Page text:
Research studies by Professor Anderson in 1995 resulted in healthy heart claims as Soya was found to reduce blood cholesterol levels in many of his studies. Soya isoflavones combined with soya protein enhance blood cholesterol reductions as well as having a positive effect on menopausal women by reducing the risk of hot flushes. Improved vascular function, reduction of blood pressure, antioxidant protection of LDL cholesterol and inhibition of platelet activation are other known cardiovascular effects of Soya and its constituent isoflavones.

The recommended daily amount of soya protein by the UK Joint Health Claims Initiative in 2002 is 25g as part of a low-fat diet to help reduce cholesterol level. In orser to achieve this RDA of Soya to promote a healthy heart and reduce cholesterol it is necessary to consume three portions of a Soya based food each day. This can be easily achieved by using Soya milk on cereal each morning, adding soya milk to tea and coffee and choosing a dessert made from soya milk eg. custard or fruit smoothies yoghurt etc.,

There are many Soya cookery books available as well as the many recipes containing soya beans and tofu which already exist in Chinese cooking books. If more people included Soya into their daily diet the risk of developing Heart disease would be reduced which would have a significant impact on the incidence of mortality caused by Coronory Heart Disease today.

Thursday, July 13, 2006

Healthcare in Your 40s

What you need to know about your health, preventive screenings, immunizations, what's normal, and making the "menopause transition."
By National Women's Health Resource Center.

Turning 40 is a milestone. Congratulations! No matter how your life during your 40s may differ from your girlfriends', you do have at least one important thing in common: your bodies are getting ready for the next phase, menopause.
The average age of menopause for U.S. women is 51, with most women reaching this milestone somewhere between ages 45 and 55. You're considered "menopausal" when you haven't had a menstrual period for 12 consecutive months.
But before reaching this milestone, you can experience all manner of changes for a full decade before your menstrual cycle finally stops. Every part of your body is affected, from your appearance to the health of your heart and bones.Called perimenopause, or the "menopause transition," this life stage is defined by physical, emotional, and psychological changes. As your body's estrogen levels decrease, you may notice these changes:

  • Menstrual periods that are heavier or lighter, shorter or longer than you're used to

  • You may skip one or more menstrual period altogether and then have a regular period

  • Hot flashes, irritability, decreased sex drive, and problems sleeping

You're inching closer to middle age and are wiser for it, but sometimes you may wonder where the years have gone. While this turning point can be cause for celebration, it can also lead to anxiety and depression for some women. Talk to your healthcare professional if negative feelings about this life stage become overwhelming. You might find that simply establishing a healthy diet and exercise program -- and sticking to it -- will lift your spirits. If not, there are effective treatments for depression and anxiety.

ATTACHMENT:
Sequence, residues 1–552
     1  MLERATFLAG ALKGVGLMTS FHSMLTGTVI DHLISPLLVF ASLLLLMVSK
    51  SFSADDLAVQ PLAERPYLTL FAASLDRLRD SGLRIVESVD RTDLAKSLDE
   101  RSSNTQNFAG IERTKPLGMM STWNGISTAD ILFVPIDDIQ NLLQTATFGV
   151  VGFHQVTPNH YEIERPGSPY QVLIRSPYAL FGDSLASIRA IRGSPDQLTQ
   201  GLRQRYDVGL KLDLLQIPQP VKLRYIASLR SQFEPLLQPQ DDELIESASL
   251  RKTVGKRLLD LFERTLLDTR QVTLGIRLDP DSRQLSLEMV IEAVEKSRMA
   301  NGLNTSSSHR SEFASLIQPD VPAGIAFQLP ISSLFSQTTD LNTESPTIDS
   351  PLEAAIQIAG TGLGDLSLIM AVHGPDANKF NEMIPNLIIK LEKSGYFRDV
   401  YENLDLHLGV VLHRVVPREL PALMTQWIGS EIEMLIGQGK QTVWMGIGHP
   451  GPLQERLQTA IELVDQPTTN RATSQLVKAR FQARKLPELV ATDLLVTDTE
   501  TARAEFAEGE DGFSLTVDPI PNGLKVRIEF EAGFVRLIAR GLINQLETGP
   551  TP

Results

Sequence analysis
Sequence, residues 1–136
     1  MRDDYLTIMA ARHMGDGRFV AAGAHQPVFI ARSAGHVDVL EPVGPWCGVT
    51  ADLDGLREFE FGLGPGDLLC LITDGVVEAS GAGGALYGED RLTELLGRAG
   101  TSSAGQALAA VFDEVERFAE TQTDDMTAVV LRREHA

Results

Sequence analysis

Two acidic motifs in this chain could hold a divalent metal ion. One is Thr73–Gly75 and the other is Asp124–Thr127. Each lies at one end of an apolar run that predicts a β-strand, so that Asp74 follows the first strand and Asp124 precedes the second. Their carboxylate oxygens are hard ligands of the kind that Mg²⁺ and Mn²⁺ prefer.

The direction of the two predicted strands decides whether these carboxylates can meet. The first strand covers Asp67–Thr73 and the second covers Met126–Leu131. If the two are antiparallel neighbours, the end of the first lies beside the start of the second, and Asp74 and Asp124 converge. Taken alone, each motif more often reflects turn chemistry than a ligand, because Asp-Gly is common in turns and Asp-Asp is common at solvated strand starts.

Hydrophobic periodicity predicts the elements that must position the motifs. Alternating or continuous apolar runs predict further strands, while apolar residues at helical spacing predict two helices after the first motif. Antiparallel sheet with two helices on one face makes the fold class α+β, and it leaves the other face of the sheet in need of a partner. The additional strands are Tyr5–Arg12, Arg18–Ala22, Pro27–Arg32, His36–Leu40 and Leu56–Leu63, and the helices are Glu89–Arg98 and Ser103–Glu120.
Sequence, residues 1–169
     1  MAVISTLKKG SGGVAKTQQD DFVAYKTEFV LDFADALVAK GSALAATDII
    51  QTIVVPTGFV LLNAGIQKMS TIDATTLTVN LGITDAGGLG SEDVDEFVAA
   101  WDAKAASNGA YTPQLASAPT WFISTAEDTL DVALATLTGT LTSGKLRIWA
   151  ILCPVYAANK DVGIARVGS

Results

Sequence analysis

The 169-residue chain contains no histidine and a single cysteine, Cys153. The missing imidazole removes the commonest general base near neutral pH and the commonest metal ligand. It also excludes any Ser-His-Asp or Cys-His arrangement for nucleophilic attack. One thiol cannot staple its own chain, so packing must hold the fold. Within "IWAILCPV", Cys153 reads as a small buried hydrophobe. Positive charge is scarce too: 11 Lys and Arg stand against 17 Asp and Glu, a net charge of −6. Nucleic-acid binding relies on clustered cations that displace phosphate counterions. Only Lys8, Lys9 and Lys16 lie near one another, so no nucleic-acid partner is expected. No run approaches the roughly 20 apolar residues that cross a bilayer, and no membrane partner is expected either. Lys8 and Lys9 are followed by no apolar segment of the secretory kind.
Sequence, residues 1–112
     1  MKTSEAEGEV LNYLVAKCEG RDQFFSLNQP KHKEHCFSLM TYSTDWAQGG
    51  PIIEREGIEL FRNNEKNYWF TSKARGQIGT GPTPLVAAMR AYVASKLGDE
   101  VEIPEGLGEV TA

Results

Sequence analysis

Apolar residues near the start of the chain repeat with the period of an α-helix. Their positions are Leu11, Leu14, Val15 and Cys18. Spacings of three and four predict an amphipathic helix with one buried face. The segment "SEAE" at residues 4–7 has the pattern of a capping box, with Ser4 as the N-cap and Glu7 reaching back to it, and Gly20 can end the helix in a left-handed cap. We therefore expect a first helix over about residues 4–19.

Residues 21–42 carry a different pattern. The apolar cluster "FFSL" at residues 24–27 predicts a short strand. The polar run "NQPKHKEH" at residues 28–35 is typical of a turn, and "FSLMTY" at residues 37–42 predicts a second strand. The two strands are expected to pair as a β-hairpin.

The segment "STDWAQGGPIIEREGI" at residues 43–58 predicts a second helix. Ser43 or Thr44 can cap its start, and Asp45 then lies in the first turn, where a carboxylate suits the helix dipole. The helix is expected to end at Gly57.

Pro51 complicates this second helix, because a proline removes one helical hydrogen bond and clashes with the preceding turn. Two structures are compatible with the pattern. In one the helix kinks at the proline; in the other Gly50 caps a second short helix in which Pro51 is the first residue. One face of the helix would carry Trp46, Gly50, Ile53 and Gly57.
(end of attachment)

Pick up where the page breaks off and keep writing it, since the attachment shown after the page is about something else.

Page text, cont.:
Your metabolism continues to slow during the transition to menopause and your weight gradually shifts from your hips and thighs to your abdomen, shoulders, and chest. If you don't have a regular aerobic exercise and strength-training program, it's never too late to start. Talk with your healthcare professional to put together a plan that takes into account your age, health status, daily schedule, and goals. You'll improve your health, have more energy, and look your best if you maintain a healthy weight and keep your muscles well toned.
Exercise and strength training will help your bones, too. Because your body produces less estrogen as you near menopause, you're at increased risk for bone loss, which can lead to the bone-thinning disease osteoporosis. In addition to exercising, make sure you're getting enough calcium in your daily diet. Your healthcare professional can advise you if you need additional supplements or medications.
Be sure to eat a lot of fresh fruits and vegetables and cut down on "junk foods" to help keep you healthy and fit. If you drink alcohol, limit consumption to no more than one drink per day, and if you smoke, try to quit. If you're feeling stressed, find ways to relax and take time for yourself. Talk to your healthcare professional for guidance

What's Normal and What's Not?

In addition to osteoporosis, your risk for certain diseases, such as heart disease and diabetes, increases as you get older. Some health conditions occur more often in certain families, and you may be nearing the age at which a parent developed a disease or disorder. That doesn't mean that you will develop the same problem, but it's more important than ever to have regular medical checkups and basic screening tests, including a pelvic exam, mammogram, cholesterol test, and possibly others, with the advice of your healthcare professional.